This was originally posted on the HWY 14 History group on Facebook, and is reprinted here with permission
–by Cynthia A Carlsen
Linda’s family referred to her as a matriarch personified – this is so very, very true. I grew up with Linda’s daughter, Monique, and often times we would go and hang out at Monique’s house during school breaks. Linda always welcomed us with love and smiles…
Words cannot adequately express the countless and self-less hours Linda dedicated to her community. As a member of the T’Sou-ke Nation she was a highly respected Elder, and former Chief. Her dedication to community also flowed into the community of Sooke where she served as an Elder in residence at Edward Milne Community School. Linda created and organized the first T’Sou-ke First Nations Art Show in 2009. It is now a very popular annual event that showcases First Nations artists from various regions.
Linda was committed to the promotion of Aboriginal arts, culture, protocol and awareness. Her long list of accomplishments also include being a Special Projects Worker and Cultural Advisor for the T’Sou-ke Nation, a member of the T’Sou-ke Community Practice Circle, T’Sou-ke Wellness Circle, and as a Community Comprehensive Plan Mentor for Aboriginal Affairs and Northern Development Canada.
In addition, Linda was the Board Director for First Peoples Heritage Language and Culture, and a member of the Elders Circle at Royal Roads University. She received recognition for her volunteer service from the Capital Regional District for her environmental work, and from the province for her involvement in Aboriginal sports and recreation. Linda also played a key role in the Reconciliation Group focused on building positive relationships.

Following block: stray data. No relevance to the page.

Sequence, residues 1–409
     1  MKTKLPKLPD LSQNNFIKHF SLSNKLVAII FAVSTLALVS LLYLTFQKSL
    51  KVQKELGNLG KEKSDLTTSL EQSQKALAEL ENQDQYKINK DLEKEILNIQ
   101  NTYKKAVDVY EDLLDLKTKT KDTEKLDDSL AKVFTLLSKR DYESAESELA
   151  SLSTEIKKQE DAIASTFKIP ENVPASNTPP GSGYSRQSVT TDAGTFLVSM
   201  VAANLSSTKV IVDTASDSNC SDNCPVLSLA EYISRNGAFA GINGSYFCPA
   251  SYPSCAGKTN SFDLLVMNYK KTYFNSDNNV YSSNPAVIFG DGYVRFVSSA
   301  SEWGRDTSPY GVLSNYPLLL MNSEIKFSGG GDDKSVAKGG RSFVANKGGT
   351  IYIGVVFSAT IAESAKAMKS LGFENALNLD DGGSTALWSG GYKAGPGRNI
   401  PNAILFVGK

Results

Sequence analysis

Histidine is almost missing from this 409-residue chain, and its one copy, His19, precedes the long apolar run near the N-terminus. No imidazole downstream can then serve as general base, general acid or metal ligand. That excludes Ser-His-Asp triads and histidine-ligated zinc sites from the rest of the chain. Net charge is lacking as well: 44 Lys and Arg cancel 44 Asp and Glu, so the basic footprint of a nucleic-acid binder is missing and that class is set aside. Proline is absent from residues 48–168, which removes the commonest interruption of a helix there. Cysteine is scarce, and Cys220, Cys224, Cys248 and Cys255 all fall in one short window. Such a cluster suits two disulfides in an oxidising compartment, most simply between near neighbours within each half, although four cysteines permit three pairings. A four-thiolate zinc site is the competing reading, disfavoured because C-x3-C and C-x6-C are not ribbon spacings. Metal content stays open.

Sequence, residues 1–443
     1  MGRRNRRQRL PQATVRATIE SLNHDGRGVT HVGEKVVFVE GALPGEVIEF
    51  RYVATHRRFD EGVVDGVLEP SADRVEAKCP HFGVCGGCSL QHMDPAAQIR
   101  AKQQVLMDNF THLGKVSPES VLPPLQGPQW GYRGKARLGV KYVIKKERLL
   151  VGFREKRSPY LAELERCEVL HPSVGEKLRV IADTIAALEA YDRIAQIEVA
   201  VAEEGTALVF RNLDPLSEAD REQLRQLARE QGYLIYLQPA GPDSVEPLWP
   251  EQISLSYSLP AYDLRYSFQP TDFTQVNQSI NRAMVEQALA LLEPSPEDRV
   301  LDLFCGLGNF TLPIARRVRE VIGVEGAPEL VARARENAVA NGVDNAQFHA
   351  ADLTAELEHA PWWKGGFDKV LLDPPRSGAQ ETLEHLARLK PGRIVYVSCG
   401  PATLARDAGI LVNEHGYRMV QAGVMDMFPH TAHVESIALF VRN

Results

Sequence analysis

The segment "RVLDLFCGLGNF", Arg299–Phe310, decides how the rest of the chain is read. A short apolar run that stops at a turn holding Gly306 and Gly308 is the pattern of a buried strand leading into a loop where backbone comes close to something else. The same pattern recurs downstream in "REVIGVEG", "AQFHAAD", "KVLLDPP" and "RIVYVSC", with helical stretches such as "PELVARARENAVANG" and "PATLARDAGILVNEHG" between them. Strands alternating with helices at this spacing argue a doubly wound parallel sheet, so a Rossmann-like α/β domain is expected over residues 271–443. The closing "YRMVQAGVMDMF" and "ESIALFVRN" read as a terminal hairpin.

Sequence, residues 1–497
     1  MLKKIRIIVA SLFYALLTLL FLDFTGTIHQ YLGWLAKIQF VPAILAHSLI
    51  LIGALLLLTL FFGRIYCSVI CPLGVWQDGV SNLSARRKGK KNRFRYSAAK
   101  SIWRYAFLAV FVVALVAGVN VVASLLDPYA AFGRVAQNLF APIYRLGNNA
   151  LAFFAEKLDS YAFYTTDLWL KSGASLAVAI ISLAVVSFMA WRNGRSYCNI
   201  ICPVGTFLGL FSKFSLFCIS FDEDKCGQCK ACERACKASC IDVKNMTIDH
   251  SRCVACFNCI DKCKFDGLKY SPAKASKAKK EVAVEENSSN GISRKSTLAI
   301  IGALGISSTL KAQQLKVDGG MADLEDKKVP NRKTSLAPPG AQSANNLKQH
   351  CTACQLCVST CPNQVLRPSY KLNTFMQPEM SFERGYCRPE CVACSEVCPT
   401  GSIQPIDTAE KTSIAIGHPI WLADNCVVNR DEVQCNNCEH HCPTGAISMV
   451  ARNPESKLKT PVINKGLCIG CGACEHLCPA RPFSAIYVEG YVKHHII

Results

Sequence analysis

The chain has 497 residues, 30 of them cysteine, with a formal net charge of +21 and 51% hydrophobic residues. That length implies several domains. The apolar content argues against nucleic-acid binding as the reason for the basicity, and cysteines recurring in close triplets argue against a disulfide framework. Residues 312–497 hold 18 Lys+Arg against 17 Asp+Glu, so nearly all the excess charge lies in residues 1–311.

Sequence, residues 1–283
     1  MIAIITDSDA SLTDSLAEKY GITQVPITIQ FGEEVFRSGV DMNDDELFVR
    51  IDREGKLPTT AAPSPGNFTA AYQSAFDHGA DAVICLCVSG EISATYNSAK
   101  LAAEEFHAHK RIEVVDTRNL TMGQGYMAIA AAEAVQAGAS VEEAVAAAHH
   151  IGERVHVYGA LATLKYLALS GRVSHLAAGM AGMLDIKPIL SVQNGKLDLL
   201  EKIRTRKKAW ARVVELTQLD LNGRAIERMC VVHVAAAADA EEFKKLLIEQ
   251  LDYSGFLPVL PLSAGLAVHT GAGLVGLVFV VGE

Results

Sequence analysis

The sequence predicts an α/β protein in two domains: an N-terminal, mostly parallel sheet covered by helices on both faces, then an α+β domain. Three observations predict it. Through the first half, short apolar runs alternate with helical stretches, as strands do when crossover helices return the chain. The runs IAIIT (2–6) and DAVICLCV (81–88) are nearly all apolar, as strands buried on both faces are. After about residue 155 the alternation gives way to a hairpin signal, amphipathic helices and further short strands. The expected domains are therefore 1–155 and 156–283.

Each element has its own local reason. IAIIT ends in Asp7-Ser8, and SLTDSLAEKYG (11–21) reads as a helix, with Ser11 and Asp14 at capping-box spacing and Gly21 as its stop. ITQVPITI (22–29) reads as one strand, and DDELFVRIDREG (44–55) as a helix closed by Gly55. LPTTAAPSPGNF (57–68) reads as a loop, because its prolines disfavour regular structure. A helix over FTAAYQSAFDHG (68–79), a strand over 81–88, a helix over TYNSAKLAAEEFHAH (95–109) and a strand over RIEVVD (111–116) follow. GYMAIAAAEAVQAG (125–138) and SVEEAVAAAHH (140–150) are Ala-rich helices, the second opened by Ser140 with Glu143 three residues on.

Another highlight from Linda’s tireless contributions to community resulted in the T’Sou-ke First Nation receiving international attention as a world-renowned leader in solar energy. T’Sou-ke was the first aboriginal community in the world to be designated a solar community. Linda, Chief Gordon Planes, along with other community members, worked hard to build a community vision that focused on bringing members together to create a long-term sustainable plan for future generations.
Growing up, Linda attended grade one at Sooke Elementary School and then entered Saseenos Elementary School as one of the first grade two students in the newly built school. She graduated from Edward Milne Secondary School in 1970 and was valedictorian of her class. Linda also attended Camosun College. She is predeceased by her parents Norman and Anastasia (Mishael) George, and is survived by daughters Monique and Angie; grandchildren Makayla, Alvin, Jeremy, Calvin, Caleb; siblings Damien, Denise, Rick, Darlene and Diane, along with many nieces, nephews, relatives and friends.
It only takes the action of one individual to set the course for lasting change in our community, and Linda certainly made her mark and a lasting legacy in her community. Her willingness to share her time and knowledge spoke to her dedication and commitment to ensuring a healthier, brighter and productive future for all generations. Never once did Linda have an expectation of being recognized or rewarded – she was a strong and quality woman of character.
I am honoured to write this memorial and I wish to offer my thoughts and prayers to the family and friends of Elder Linda Bristol.
A Prayer Service will be held at 7pm Thursday, October 18 at the Lazzar Building (6221 Sooke Road). A Funeral Service will be held at 10am on October 19 at the Lazzar Building ( 6221 Sooke Road).
SPN Note: There is also an obituary for Linda Bristol in the Times Colonist where you can also add your condolences.